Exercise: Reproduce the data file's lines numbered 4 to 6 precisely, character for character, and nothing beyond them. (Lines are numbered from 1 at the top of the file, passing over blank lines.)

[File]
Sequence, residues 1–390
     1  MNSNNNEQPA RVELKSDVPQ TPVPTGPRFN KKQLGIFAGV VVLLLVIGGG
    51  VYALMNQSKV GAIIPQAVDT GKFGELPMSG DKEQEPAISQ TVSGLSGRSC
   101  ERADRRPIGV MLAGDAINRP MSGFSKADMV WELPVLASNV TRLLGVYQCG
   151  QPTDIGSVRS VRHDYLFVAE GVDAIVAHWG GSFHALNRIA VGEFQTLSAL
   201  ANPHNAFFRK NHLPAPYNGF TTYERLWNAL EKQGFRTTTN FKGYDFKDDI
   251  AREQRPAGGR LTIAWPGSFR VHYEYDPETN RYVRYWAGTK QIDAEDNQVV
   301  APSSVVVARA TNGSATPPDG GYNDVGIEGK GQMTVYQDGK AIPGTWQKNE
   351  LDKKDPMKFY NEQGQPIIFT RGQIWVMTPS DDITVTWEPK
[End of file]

   101  ERADRRPIGV MLAGDAINRP MSGFSKADMV WELPVLASNV TRLLGVYQCG
   151  QPTDIGSVRS VRHDYLFVAE GVDAIVAHWG GSFHALNRIA VGEFQTLSAL
   201  ANPHNAFFRK NHLPAPYNGF TTYERLWNAL EKQGFRTTTN FKGYDFKDDI